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Will the Government Shutdown Delay Your Tax Refund This Year? 66% of Americans Think Yes

Maurie Backman, The Motley Fool

The 35-day mega-shutdown that impacted hundreds of thousands of government workers sparked rumors of a delayed tax season back in January. While the IRS insists that tax refunds won't be delayed because of it, Americans aren't so sure. In fact, 66% of people believe that they'll experience a lag in getting their money back from the IRS because of the previous shutdown, according to Jackson Hewitt Tax Service. With another one potentially looming, their concern isn't totally unfounded.

Now, the good news: The IRS has automated much of its tax processing so that error-free returns that are filed electronically can generally be processed pretty quickly, even when the agency, which has been short-staffed since well before the first shutdown, is low on manpower. Still, many Americans worry things won't go so smoothly this tax season, and for those who rely on their refunds to cover major bills, the thought of a delay is a significant source of stress.

A tax form with a calculator and a hand with a pen above it.


And make no mistake about it: Lots of Americans bank on their refunds to pay for things like home maintenance, car repairs, and medical care. In fact, a study released last year confirmed that Americans are routinely delaying medical care until a windfall comes through, and for many, a tax refund is their only hope of getting some sort of lump sum.

If you're counting on your tax refund to arrive on time, there are certain steps you can take to avoid contributing to a potential delay. Here are a few to be aware of.

1. File electronically

If you've spent most of your life filing a paper return, the process might be more familiar to you than filing electronically. But if you're willing to go the latter route, you could end up expediting your refund quite a bit.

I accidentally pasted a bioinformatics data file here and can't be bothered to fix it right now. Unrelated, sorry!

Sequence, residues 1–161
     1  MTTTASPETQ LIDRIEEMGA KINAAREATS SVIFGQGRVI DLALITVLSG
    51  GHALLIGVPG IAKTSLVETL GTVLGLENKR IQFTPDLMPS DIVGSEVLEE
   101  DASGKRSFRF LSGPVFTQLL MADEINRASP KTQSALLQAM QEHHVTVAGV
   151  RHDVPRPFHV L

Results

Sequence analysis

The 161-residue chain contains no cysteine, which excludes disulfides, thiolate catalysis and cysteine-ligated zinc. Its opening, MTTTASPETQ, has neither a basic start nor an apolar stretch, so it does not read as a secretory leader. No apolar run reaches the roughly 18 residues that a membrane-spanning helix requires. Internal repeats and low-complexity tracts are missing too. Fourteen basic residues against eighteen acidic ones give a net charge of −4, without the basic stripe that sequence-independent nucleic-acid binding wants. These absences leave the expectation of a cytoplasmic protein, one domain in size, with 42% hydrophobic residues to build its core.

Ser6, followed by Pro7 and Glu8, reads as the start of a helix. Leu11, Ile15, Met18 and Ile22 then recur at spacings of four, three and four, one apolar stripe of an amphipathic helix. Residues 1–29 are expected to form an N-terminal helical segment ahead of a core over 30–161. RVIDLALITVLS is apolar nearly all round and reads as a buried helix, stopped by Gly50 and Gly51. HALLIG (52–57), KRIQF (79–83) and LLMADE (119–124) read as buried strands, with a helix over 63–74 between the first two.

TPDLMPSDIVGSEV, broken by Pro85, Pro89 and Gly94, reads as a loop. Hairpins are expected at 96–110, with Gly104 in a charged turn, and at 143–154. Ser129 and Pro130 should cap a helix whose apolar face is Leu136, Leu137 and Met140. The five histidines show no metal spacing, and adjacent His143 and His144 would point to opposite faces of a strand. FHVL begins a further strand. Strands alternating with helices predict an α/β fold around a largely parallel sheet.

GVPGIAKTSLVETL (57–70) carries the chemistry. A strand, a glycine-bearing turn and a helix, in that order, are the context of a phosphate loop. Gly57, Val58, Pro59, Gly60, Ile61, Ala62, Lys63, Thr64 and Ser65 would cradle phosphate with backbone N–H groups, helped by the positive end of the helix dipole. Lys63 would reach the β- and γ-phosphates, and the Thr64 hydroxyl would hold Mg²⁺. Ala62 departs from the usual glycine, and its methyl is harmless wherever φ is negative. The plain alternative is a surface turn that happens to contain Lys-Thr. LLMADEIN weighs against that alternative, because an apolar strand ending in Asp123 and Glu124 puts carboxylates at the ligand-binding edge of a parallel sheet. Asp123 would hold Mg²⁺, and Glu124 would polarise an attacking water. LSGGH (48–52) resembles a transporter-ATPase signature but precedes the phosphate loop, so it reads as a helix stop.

The IRS says that refunds for electronically filed returns are generally issued within three weeks, whereas you might wait twice as long if you file on paper. Signing up for direct deposit can further expedite the process as opposed to waiting for a physical check to arrive in the mail.

2. Avoid common mistakes on your tax return

All it takes is a single error to expose your taxes to additional verification or scrutiny, thereby delaying the refund process. A better bet? Check your taxes carefully before submitting them. Be sure to watch out for key traps like failing to report income, choosing the wrong filing status, or botching your Social Security number.

3. Hire a tax professional early

If you're planning to use a tax preparer this year, you'd better find one sooner rather than later. This year is the first in which the 2018 tax changes come into play on returns, which means many professionals are apt to have their hands fuller than ever.

If you don't get moving on hiring a tax professional, you might have no choice but to rely on free help from the IRS to answer your tax questions. And if there's another shutdown, who's to say whether IRS help will actually be available this season?

It's too soon to tell whether politics will impede the refund process, but one thing's for sure: If you want your money on time, don't put off your tax return. The sooner you submit it, the sooner you'll get whatever cash is coming your way.

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